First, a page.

surrounding the lamb, then pour
over the pomegranate juice and
lemon and apple cider vinegar.
Cover the lamb with foil
and cook for approx. 4 hrs, checking every hour and re- basting with the juice.
When ready and after four hours, remove
pan from the oven and carefully remove lamb and pour juice into a saucepan on the stove
over a medium heat. Replace lamb into baking tray and place back into the oven whilst you are making the syrup.
Add rice malt syrup and cook until bubbly and a thick syrup is formed adding more rice malt syrup if necessary. This should take about 20 minutes. Once it is ready, remove foil from lamb, pour it over the lamb and return to oven for 20 mins until the lamb becomes crispy on top.
Pistachio minted cranberry quinoa
- 1 zucchini (courgette), sliced
- 1 eggplant (aubergine), cut into bite-sized pieces
- 4 garlic cloves, whole
- 80 ml (21/2 fl oz/1/3 cup) cold-pressed extra virgin olive oil, plus extra, for drizzling
- Celtic sea salt
- 270 g (91/2 oz/1 cup) cooked quinoa
- juice of 2 lemons
- 1 tablespoon grated lemon zest
- 1 bunch of mint, leaves only, plus extra, to serve
- 1 bunch of coriander (cilantro), leaves only, plus extra, to serve
- 1 pomegranate, seeds only
- 2 avocados, peeled, stones removed and sliced into wedges
- 4 small spring onions (scallions), chopped 125 g (41/2 oz/1 cup) slivered almonds
Preheat the oven to 200°C (400°F/Gas 6).
Place the zucchini, eggplant and garlic on a baking tray, drizzle with olive oil, sprinkle with salt and roast for about 35 minutes.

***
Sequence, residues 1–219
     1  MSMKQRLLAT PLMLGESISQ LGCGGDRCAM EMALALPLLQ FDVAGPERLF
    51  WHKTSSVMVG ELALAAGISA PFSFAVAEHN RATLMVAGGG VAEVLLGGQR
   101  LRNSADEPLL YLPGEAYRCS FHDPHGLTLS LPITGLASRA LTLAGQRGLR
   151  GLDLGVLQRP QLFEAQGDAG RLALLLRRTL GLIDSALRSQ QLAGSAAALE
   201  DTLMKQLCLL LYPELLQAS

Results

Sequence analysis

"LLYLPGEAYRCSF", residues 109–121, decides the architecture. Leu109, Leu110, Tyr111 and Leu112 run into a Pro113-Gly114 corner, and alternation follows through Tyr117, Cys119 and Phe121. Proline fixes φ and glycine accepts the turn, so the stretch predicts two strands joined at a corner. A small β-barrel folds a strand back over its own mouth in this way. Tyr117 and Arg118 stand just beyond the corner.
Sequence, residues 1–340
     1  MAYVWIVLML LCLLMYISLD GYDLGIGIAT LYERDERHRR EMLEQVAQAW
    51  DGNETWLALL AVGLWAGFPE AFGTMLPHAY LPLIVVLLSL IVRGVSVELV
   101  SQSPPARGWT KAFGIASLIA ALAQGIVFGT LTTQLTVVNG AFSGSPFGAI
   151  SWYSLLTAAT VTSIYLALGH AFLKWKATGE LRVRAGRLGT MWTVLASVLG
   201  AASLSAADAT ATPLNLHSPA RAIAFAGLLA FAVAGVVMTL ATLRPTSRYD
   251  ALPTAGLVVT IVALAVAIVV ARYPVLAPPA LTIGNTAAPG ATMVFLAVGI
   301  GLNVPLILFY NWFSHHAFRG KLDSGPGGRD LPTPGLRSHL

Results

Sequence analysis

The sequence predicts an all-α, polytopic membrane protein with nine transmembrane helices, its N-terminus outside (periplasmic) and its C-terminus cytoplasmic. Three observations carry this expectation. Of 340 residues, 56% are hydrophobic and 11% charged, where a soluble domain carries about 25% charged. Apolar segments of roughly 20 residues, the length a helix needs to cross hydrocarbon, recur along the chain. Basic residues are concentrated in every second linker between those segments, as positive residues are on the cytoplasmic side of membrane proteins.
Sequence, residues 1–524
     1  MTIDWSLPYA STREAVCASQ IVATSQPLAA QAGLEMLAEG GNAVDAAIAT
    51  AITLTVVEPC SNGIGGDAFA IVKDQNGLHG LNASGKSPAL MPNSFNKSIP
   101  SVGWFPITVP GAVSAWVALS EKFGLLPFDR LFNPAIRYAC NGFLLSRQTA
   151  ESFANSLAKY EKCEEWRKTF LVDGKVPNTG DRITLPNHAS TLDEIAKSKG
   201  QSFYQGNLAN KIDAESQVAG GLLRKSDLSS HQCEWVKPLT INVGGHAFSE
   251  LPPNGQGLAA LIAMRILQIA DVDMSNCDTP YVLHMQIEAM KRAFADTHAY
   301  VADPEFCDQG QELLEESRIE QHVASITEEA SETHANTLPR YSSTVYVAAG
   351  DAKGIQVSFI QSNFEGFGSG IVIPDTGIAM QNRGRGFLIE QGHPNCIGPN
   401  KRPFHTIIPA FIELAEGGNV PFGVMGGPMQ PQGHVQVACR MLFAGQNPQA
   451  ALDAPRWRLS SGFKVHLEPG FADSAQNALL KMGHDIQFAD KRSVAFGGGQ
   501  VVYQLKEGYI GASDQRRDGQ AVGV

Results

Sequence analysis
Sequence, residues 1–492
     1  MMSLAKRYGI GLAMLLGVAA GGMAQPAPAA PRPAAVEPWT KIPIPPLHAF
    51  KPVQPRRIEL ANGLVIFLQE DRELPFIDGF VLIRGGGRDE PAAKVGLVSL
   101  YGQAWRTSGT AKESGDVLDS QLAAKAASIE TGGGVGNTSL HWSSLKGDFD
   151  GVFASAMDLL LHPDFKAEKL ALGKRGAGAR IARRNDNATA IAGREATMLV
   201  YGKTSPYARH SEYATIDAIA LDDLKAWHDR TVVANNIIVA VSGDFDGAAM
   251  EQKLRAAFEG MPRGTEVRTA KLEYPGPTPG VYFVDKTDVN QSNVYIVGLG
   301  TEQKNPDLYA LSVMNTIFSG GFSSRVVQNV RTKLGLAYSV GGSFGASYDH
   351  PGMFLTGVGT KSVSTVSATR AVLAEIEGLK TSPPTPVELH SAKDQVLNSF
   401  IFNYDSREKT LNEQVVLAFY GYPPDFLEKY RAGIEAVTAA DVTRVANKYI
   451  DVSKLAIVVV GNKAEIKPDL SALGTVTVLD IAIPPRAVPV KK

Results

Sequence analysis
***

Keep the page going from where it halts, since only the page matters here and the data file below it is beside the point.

Remove from the oven and set aside to cool.
Meanwhile, place the quinoa in a bowl with the lemon juice and zest and the olive oil. Combine well.
Place in a salad bowl with all the other ingredients and serve topped with extra mint and coriander leaves.
Festive Almond, cinnamon and rhubarb cake
Makes one cake
Firstly make stewed Rhubarb
- 750gm rhubarb trimmed and chopped into 2-3 inch pieces
- 75g coconut sugar or sweetener of choice
- 1 small orange, zested and juiced 1 inch knob ginger grated 1 tsp vanilla bean powder
- 1⁄4 cup water
Place in large saucepan and place remaining ingredients over the top.
Bring to a boil and simmer gently until soft, about 10 minutes until rhubarb is cooked but still holds it shape.
Take two cups of rhubarb for Xmas recipe and set aside and place remaining rhubarb in fridge for use on Boxing Day.
- 60g butter
- 1 tsp finely grated lemon rind
- 1 1⁄2 cups (300g) coconut sugar
- 2 eggs
- 2 cups almond meal
- 1⁄2 tsp baking powder
- 1 tsp bicarbonate of soda
- 1 tsp ground cinnamon
- 1⁄2 tsp grated nutmeg
- 1⁄4 tsp sea salt
- 1⁄2 cup coconut cream
- 2 cups cooked rhubarb
Preheat the oven to 170°C/340°F Gas Mark 4 and grease an 18cm round cake tin.
In a bowl beat butter, rind, coconut sugar and eggs and stir in almond flour, baking powder, bicarbonate of soda, cinnamon, nutmeg, salt, and coconut milk and stir to combine.
Add rhubarb and fold in lightly.
Spoon the mixture into the prepared tin and bake for 45-55 minutes, or until the cake springs back when pressed in the centre.
Sprinkle with topping mixture.
Let cool and then turn out onto a wire rack to continue to cool.